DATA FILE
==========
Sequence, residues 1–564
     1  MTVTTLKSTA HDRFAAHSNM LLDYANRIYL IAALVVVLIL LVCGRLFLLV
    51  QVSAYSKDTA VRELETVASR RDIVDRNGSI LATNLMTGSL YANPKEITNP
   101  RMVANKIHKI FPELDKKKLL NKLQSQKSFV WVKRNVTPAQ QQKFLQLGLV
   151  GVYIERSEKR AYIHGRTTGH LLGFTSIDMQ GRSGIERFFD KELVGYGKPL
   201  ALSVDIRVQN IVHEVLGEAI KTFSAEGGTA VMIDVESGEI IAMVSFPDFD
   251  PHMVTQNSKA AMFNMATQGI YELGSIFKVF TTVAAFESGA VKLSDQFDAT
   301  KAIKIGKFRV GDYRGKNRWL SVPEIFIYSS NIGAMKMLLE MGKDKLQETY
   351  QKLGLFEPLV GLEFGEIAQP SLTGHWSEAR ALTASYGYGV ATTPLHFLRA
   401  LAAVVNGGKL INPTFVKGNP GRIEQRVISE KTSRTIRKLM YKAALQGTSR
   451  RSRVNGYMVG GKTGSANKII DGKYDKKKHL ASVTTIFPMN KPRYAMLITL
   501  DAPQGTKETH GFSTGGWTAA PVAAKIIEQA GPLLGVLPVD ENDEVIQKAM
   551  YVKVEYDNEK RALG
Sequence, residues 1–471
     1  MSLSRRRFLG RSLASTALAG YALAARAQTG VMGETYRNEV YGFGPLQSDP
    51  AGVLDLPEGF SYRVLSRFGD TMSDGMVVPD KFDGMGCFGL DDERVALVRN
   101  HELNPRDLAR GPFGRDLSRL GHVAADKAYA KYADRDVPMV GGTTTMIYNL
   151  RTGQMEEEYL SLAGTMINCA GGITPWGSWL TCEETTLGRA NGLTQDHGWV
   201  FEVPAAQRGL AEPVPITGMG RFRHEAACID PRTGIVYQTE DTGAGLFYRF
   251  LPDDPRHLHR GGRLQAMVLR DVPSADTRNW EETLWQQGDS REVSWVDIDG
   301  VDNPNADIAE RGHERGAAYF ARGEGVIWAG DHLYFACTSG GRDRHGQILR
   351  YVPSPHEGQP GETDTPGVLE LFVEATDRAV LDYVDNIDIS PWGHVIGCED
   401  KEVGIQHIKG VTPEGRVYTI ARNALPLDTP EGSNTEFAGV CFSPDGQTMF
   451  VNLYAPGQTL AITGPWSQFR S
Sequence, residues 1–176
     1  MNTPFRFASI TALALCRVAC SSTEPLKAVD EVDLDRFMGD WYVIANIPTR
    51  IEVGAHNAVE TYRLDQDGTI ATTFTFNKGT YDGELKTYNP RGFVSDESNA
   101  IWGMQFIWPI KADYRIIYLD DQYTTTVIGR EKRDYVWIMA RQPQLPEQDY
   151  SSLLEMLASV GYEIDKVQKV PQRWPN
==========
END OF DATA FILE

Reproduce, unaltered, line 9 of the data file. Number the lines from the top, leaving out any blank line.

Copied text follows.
   351  QKLGLFEPLV GLEFGEIAQP SLTGHWSEAR ALTASYGYGV ATTPLHFLRA